According to Kosovo Serbian leader Marko Jaksic, the unprecedented turnout at the northern Kosovo referendum meant that the Serbs defied Belgrade's call to refrain from getting involved. ”The people felt that not showing up would have been a form of betrayal”, explained Jaksic who also stressed that for Tadic the vote came as a political slap in the face for acknowledging an ever-widening array of Kosovo statehood attributes like passports, driver licenses, college transcripts, etc. and that the Kosovo Serbs who cast the ballots made it clear how they felt about Tadic's increasingly connecting to Pristina. Kosovska Mitrovica mayor Krstimir Pantic expressed the same view when he said that, given the outcome of the referendum, those at the helm in Belgrade along with the Kosovo Albanians and the international community have to realize with utmost clarity the extent of the determination across the Serbian community of northern Kosovo not to bow to Pristina. “We are defending Serbia in Kosovo”, said Pantic.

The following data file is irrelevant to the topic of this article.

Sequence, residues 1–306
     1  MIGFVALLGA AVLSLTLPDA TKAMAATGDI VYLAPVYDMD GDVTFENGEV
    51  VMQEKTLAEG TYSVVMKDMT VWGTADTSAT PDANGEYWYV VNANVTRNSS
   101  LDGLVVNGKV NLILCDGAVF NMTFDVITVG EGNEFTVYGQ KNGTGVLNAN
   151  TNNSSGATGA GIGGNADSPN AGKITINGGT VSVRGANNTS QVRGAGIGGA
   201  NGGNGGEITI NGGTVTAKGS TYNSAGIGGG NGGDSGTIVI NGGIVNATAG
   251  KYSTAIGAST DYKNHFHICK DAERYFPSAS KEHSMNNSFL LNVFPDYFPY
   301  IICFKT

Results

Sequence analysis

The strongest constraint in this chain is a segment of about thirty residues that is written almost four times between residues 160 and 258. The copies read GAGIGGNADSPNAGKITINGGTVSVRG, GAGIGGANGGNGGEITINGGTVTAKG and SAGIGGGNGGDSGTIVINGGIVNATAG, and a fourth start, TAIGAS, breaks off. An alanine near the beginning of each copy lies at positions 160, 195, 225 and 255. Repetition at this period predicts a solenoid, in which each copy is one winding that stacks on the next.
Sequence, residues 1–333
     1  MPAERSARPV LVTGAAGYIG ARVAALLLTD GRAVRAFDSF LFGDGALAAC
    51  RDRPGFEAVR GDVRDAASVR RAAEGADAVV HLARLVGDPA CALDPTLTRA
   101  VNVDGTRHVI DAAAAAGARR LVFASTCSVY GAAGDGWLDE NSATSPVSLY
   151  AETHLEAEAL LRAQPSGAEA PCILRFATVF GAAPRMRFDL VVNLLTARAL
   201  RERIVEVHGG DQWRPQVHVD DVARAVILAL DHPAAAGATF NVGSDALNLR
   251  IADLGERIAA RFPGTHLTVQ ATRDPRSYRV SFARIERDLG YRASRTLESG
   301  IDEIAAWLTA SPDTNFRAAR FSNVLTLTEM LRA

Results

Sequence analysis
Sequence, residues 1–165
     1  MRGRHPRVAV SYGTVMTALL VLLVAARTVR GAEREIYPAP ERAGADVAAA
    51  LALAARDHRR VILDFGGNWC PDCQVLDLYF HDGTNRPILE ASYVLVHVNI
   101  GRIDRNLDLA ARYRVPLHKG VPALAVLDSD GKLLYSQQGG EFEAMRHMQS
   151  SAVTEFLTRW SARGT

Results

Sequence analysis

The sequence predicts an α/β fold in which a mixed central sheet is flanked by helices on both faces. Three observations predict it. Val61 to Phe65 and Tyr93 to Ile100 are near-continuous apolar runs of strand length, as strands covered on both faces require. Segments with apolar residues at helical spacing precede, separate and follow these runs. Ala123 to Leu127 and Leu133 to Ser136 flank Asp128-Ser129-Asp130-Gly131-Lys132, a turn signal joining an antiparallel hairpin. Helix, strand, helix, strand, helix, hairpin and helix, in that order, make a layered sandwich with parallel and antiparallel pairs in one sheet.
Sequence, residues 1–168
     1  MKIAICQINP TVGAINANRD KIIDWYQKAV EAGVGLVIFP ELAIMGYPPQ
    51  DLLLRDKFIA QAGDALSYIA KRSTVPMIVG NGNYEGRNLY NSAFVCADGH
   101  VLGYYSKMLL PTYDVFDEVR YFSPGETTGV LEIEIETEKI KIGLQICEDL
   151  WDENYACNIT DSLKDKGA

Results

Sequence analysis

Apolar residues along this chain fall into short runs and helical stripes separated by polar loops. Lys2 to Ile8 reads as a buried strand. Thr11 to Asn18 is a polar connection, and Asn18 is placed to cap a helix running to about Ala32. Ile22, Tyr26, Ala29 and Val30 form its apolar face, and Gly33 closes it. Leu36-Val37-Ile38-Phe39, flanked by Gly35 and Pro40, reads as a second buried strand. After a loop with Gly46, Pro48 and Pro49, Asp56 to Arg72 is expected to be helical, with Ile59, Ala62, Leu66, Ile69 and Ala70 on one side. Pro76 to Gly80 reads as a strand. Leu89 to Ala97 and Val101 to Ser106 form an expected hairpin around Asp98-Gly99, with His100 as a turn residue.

The geopolitical implications of the referendum in northern Kosovo may prove far-reaching. One gets a distinct impression that the Kosovo Serbs are in the process of switching to a completely independent role in the Balkan politics, challenging Pristina, Brussels or, if necessary, Belgrade.
The recent referendum was not the first Serbian attempt to place their resistance to Albanian separatism into a legislative framework. In May, 2008, three months since the unilateral proclamation of Kosovo independence, north Kosovo Serbs voted in favor of establishing the Assembly of the Community of Municipalities of the Autonomous Province of Kosovo and Metohija based on the constitution of Serbia. Until some time ago, the Assembly had been politically supported by Belgrade.